A mountainous village in Wakayama Prefecture will have the joint-smallest assembly in the country, represented by only five members, it said Tuesday, in the latest sign of the nation's declining population.

The assembly of the village of Kitayama passed an ordinance to cut the number of assembly members from six to five, effective in December when it is slated to hold an election. It will share the title of the village with the fewest representatives in Japan with the village of Kitadaito in Okinawa Prefecture.

One seat has been unfilled since 2016, after a member stepped down to become village mayor.

"There have been no immediate issues with just five representatives. Our verdict represents the reality we are facing today of a decreasing population," said Kenya Katsuragi, one of its members.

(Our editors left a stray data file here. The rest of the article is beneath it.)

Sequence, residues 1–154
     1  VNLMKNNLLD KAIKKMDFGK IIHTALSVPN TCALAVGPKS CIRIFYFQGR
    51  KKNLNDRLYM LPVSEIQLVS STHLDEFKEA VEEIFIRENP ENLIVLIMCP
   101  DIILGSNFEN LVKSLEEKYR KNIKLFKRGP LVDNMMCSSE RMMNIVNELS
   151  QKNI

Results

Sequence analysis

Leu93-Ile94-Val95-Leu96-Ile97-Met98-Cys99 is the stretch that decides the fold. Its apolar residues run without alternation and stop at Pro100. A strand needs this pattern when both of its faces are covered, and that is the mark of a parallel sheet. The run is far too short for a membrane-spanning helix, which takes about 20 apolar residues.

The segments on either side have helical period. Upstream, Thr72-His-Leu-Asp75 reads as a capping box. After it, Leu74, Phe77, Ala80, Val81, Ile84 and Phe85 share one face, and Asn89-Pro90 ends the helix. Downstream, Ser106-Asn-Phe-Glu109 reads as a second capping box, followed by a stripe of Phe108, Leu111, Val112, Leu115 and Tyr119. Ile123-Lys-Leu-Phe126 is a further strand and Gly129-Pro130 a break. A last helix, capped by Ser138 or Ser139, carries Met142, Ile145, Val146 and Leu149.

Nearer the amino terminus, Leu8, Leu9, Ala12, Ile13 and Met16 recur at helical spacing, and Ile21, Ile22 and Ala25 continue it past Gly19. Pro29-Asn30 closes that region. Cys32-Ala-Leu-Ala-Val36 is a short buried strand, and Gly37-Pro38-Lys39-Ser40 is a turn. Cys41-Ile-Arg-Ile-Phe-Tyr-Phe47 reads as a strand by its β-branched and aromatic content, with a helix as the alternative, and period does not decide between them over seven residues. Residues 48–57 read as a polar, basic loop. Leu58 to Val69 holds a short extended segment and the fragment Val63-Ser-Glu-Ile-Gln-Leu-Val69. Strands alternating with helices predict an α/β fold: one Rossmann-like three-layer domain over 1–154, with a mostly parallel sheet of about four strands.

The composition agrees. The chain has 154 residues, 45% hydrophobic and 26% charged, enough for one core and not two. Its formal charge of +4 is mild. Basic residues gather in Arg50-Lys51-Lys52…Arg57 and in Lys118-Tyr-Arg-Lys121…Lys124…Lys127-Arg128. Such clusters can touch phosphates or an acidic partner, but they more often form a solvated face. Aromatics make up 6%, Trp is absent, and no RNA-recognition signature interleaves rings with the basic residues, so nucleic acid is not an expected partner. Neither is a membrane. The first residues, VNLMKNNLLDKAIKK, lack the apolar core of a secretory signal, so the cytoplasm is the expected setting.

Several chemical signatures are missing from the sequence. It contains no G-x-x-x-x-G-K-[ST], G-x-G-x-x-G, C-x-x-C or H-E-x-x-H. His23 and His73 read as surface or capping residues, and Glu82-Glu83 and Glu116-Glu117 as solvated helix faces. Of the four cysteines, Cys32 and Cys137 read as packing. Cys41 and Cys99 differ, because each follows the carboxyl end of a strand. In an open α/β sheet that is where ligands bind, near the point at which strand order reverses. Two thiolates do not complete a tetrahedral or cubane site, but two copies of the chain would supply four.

"We have settled on this decision after extensive discussions on the pros and cons of lowering the number of representatives," Manabu Kubo, who chairs the assembly, said after it enacted the ordinance. "We may revert back to six members if the population increases again."

The village has a population of 440 and is located in the mountains bordering Mie and Nara prefectures. It is known to be the country's only exclave, isolated from any other village or city in Wakayama.